Researchers will investigate if the activities have shaped people’s knowledge of the war and the impact the conflict has had on communities and individuals. They will be asking if people have developed new skills based on their involvement in centenary events; what has gone well, what could have been done better and will the legacies of the centenary and the war be shaping people’s lives in the future?
‘Reflections on the Centenary: Learning and Legacies for the Future’, funded by the Arts and Humanities Research Council, is being led by Dr Lucy Noakes, the university’s Reader in History in the School of Humanities. She will be working with colleagues at the universities of Exeter, Glasgow and Kent, and with Dr James Wallis, a University of Brighton Research Fellow.
Dr Noakes said: “Between 2014 and 2018, Britain, together with many other countries, has been and will continue to commemorate the centenary of the First World War.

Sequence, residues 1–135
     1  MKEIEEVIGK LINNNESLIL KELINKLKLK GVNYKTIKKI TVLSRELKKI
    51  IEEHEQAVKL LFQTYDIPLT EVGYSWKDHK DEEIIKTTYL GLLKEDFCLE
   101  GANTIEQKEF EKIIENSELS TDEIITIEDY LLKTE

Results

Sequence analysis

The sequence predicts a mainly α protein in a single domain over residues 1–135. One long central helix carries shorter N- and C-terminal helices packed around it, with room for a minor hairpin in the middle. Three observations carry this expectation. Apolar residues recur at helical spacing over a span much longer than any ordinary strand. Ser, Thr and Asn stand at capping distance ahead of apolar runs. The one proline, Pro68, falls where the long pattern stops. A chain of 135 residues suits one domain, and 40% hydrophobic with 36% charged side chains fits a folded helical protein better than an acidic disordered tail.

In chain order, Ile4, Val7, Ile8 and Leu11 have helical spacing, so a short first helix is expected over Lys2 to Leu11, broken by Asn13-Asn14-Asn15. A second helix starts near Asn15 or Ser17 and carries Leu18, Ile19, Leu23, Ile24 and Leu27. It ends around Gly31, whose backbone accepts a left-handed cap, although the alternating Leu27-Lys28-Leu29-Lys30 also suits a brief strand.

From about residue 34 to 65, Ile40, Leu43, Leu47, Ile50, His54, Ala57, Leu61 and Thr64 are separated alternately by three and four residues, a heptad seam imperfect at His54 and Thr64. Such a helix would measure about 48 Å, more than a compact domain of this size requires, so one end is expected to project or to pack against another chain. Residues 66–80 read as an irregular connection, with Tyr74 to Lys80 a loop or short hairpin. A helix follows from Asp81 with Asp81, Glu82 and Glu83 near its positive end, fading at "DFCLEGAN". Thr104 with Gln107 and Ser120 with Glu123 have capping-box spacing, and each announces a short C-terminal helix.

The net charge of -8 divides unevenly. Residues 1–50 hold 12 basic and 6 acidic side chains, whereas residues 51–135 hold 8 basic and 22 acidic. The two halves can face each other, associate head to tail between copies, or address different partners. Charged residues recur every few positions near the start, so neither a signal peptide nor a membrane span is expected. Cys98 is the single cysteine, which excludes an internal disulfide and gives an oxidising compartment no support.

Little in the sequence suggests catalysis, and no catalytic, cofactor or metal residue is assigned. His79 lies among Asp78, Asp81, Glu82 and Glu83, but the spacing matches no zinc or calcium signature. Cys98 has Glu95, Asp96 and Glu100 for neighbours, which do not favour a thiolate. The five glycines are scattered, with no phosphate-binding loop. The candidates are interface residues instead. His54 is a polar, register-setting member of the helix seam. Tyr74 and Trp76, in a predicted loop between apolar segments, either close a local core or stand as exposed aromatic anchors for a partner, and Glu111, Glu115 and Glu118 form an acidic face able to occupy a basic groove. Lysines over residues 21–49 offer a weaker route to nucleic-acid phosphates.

“There have been many hundreds of commemorative activities and events in Britain ranging from the national and international, such as those to mark significant moments like the declaration of war (Lights Out, 2014) and the Battle of the Somme Centenary (We’re Here Because We’re Here, 2016) and hugely popular artworks, installations and events, most notably perhaps Bloodswept Lands and Seas of Red at the Tower of London in 2014.